An open Bible and a cup of coffee.

The law and the prophets were until John: since that time the kingdom of God is preached, and every man presseth into it.”

(Luke 16:16)

In general terms, a kingdom is any realm in which a king exercises authority. In this regard, the Kingdom of God has two distinct aspects to it. There is the future aspect of course, which refers to the actual, physical return of Christ in glory to establish His reign and rule on the earth (Psalm 2; Isaiah 11:1-10; Matthew 13:36-43; 25:31-46; Luke 1:30-33; Revelation 1:7; 19:11-20:6). The Lord instructed His people to pray for this Kingdom to come (Matthew 6:10). In similar fashion, the apostle Peter reminded his readers that Christians ought to earnestly desire the establishment of the Kingdom and do what they can to hasten its coming (2 Peter 3:12). There is a second aspect to the Kingdom also, that is, that God is reigning and ruling on the earth already in the hearts and minds of His people. When the Pharisees demanded to know when the Kingdom of God should come, the Lord replied that the Kingdom “cometh not with observation: Neither shall they say, Lo here! or, lo there! for, behold, the kingdom of God is within you” (Luke 17:20-21). As we pray for the kingdom to come in its fullness, when God’s will is done on the earth as it is in heaven (Matthew 6:10), we can see to it that the Kingdom is advanced right now by submitting more of ourselves to the righteous rule of God in our own hearts and minds. The more of ourselves we surrender to God and submit to His authority, the more the Kingdom advances in this world. There is something else about the Kingdom that is fascinating, wonderful, and mysterious. In some places in the Bible, the Kingdom is described as something we must enter in to (Matthew 5:19-20; 7:21; 18:3; 19:23-24; 21:31; Mark 9:47; 10:23-25). Today’s verse passage speaks of people pressing into it. In a parallel passage, the Lord Jesus states that violent people are taking the Kingdom by force (Matthew 11:12). Both texts conjure up images of people pressing against each other in an aggressive attempt to enter into some enclosed space. Though the Bible certainly contains commendable examples of people pursuing King Jesus with aggressive, single-minded drive and devotion (Mark 2:1-5; 5:25-28), we ought not see the Kingdom as a place of confinement. Rather, we ought to see our entrance into the Kingdom as our exit from a life of restraint and immurement. In bringing us into the Kingdom, the Good Shepherd actually led us out of our original place of incarceration (John 10:3-4). Micah foresaw this when He wrote, “The breaker is come up before them: they have broken up, and have passed through the gate, and are gone out by it: and their king shall pass before them, and the LORD on the head of them” (Micah 2:13). We may sing with David, “He brought me forth also into a large place; he delivered me, because he delighted in me” (Psalm 18:19).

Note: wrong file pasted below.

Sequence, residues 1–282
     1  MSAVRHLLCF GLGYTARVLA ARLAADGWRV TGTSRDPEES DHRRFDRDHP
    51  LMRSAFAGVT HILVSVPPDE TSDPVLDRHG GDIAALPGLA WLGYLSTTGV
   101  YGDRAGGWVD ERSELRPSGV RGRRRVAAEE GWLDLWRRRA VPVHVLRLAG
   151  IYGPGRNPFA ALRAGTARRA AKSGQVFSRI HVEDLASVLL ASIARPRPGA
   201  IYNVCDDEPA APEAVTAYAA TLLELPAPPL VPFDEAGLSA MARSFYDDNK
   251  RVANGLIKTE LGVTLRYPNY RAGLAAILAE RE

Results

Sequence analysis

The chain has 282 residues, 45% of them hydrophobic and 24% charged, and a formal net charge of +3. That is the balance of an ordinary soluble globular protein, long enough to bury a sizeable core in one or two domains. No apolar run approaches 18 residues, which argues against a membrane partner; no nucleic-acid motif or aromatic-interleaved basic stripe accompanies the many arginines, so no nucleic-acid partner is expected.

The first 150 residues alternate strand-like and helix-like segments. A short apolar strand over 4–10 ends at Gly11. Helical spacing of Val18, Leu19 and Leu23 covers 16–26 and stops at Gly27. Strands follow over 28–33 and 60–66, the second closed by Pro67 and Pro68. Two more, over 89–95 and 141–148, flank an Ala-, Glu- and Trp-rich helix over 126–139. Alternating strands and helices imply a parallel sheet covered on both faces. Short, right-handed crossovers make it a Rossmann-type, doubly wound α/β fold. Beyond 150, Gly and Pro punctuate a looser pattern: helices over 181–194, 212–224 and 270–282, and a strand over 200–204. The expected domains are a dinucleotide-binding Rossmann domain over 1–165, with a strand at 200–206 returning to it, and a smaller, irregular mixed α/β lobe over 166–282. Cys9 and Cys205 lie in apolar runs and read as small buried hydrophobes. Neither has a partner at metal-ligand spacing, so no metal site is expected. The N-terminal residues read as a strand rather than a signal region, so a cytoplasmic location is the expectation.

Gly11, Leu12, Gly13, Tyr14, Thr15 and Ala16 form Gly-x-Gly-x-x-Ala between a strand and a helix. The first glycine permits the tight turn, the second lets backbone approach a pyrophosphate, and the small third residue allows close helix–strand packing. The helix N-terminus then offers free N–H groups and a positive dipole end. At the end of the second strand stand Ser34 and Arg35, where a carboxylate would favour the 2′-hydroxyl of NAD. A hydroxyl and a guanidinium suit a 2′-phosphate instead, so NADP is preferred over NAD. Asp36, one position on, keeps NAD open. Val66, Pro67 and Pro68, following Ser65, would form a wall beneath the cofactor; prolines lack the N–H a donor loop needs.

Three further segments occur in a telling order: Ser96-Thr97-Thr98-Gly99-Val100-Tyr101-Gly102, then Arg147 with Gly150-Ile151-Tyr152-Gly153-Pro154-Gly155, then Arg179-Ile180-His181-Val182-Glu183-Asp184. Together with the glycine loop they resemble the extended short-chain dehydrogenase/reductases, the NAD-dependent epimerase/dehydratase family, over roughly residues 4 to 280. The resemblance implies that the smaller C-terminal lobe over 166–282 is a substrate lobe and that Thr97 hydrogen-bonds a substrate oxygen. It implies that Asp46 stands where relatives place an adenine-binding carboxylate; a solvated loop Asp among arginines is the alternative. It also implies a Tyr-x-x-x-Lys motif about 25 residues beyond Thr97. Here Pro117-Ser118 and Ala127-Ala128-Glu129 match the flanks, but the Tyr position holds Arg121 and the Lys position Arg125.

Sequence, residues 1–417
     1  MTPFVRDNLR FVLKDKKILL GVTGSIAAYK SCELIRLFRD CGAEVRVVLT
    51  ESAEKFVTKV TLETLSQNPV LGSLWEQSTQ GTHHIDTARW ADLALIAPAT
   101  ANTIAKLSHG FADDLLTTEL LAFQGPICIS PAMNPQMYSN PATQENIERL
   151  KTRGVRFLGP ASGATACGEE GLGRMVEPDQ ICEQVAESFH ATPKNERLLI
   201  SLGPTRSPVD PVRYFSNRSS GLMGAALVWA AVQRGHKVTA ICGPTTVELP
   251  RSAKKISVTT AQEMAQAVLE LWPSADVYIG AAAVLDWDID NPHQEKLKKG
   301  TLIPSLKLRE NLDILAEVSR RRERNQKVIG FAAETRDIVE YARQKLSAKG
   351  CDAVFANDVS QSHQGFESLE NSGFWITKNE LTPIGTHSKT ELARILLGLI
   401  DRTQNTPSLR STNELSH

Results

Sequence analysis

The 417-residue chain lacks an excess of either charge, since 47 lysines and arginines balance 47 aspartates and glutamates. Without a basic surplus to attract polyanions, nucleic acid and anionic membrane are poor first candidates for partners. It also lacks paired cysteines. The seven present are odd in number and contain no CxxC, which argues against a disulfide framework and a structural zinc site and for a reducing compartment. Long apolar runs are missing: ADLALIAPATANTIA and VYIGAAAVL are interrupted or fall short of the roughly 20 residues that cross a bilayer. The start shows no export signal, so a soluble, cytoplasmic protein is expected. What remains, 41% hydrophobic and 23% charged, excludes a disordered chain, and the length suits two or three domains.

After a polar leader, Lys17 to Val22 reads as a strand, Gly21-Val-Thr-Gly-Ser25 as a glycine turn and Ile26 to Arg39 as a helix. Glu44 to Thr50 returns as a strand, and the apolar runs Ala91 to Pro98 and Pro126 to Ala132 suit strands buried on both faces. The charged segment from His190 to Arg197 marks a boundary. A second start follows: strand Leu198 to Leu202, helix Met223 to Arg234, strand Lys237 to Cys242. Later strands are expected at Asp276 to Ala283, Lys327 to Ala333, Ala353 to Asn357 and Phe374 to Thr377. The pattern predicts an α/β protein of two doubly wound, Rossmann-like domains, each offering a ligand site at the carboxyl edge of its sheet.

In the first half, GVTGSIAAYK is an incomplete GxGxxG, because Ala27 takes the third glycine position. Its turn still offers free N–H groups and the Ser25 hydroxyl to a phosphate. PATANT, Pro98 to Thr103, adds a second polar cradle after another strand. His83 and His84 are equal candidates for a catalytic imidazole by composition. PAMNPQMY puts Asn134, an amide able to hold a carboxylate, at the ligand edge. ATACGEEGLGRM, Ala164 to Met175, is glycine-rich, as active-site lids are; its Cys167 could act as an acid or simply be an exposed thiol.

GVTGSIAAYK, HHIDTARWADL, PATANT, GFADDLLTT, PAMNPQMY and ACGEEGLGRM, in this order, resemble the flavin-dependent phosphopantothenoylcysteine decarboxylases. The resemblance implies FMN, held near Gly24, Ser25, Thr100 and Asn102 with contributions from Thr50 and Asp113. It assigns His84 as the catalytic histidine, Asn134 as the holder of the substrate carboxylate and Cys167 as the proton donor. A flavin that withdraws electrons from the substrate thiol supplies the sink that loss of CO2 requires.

Let us praise and serve the Lord with out freedom! God bless,

pastor john